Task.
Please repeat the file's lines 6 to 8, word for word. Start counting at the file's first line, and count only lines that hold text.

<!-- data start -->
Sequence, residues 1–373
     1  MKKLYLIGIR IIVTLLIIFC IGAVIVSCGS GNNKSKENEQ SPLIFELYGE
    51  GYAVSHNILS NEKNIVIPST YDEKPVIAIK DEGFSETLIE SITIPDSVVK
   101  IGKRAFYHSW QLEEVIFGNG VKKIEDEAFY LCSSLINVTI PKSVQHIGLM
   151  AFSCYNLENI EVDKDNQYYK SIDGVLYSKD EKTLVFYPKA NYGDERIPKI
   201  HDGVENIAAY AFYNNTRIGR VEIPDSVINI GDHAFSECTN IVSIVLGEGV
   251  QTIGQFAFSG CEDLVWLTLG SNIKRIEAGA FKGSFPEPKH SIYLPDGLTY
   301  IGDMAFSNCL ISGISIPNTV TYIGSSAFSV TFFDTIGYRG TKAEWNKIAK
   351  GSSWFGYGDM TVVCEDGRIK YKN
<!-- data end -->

   201  HDGVENIAAY AFYNNTRIGR VEIPDSVINI GDHAFSECTN IVSIVLGEGV
   251  QTIGQFAFSG CEDLVWLTLG SNIKRIEAGA FKGSFPEPKH SIYLPDGLTY
   301  IGDMAFSNCL ISGISIPNTV TYIGSSAFSV TFFDTIGYRG TKAEWNKIAK